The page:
President Donald Trump has signaled he would sign the bill if the Senate also approves it. The White House issued a statement of administration policy Oct. 2 saying it “strongly supports” the proposal. Passage by the Senate – faced with a 60-vote requirement to prevent a filibuster – is highly unlikely, however, according to the Southern Baptist Ethics & Religious Liberty Commission (ERLC).
Pro-life leaders applauded the House’s latest in a series of successful votes this year in support of protecting unborn babies.
“No nation can call itself just or humane while allowing 20-week-old unborn children to be slaughtered at the hands of a predatory industry,” ERLC President Russell Moore told Baptist Press in written comments.
“Our government has much more to do in terms of protecting and valuing life at all stages, but this is a step in the right direction,” Moore said.
Carol Tobias, president of the National Right to Life Committee (NRLC), said the bill “would save thousands of unborn babies annually from terribly painful deaths. It is now clear that the overwhelming majority of House Democrats believe that painfully dismembering babies, in the sixth month and later, is just fine – now let them try to explain that to their constituents.”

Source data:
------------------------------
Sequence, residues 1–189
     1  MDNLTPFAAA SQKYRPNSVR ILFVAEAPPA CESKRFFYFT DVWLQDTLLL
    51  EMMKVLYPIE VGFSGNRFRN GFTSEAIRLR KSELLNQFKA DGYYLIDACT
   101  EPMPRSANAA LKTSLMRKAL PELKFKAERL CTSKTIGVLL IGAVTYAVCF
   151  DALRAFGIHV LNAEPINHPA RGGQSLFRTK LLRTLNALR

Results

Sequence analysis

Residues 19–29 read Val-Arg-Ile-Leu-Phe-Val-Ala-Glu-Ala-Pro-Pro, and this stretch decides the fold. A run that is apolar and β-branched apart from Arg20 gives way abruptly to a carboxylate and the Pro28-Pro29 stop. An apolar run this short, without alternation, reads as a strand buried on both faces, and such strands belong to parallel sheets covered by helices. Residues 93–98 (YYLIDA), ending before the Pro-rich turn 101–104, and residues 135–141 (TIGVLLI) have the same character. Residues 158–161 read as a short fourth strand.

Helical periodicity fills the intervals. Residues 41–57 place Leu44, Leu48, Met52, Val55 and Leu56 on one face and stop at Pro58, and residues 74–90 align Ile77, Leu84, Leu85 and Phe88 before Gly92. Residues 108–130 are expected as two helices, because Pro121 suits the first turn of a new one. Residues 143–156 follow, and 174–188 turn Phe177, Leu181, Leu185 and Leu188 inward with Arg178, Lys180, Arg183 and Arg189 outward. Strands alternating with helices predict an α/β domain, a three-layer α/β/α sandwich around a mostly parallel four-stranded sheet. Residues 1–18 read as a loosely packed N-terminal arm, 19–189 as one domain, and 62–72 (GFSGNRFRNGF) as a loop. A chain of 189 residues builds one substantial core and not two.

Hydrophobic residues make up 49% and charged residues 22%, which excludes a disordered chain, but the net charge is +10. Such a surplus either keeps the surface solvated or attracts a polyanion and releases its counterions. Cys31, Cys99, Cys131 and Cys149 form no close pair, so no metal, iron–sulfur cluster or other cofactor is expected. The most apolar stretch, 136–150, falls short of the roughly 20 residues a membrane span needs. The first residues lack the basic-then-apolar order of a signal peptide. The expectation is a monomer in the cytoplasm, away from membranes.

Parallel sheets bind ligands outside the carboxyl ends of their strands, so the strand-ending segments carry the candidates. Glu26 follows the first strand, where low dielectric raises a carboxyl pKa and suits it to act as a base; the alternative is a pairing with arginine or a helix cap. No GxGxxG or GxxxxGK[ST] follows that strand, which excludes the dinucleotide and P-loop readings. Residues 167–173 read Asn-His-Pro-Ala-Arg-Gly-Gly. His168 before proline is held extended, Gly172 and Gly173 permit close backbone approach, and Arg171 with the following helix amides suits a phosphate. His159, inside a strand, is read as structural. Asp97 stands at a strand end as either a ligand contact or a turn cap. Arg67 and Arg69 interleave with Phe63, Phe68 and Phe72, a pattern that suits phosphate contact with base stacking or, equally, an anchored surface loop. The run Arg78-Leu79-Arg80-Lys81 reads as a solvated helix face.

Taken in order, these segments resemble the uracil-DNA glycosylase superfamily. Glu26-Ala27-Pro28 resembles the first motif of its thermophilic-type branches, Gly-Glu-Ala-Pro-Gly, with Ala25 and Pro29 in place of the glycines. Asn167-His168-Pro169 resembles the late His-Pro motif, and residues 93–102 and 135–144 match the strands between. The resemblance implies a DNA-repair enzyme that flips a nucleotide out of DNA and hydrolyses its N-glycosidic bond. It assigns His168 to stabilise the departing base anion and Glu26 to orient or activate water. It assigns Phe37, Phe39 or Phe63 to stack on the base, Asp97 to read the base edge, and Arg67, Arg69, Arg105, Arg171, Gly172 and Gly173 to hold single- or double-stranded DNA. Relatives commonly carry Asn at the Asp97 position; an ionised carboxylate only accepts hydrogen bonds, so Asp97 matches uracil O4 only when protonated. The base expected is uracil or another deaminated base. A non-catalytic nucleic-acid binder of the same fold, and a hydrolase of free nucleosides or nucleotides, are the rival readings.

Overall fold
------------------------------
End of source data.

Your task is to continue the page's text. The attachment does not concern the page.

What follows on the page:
Rep. Trent Franks, R-Ariz. – the bill’s sponsor and a Southern Baptist – said in a Facebook post after the vote, “The primary and overarching purpose of American government is to protect the innocent among us.”
Since Trump has shown support for the legislation, Franks said, “It now falls upon [Majority Leader] Mitch McConnell and the U.S. Senate to pass it for his signature. To allow Democrat proponents of abortion-on-demand throughout all nine months of pregnancy to use the arcane 60-vote Senate filibuster to prevent this bill from getting a fair up-or-down vote would be an overt betrayal of innocent blood and the most fundamental failure of leadership.”
Sen. James Lankford, R-Okla. – also a Southern Baptist – thanked the House via Twitter for passing the bill and “protecting the unborn.” He added, “It’s time for the Senate to do the same.”
Abortion-rights advocates decried the legislation, criticizing the science it is based on and the timing of the vote after the Las Vegas mass shooting and the ongoing post-hurricane needs in Puerto Rico. Ilyse Hogue, president of NARAL Pro-choice America, said the GOP’s “complete disregard to govern in a way that matches the priorities of the American people is staggering.”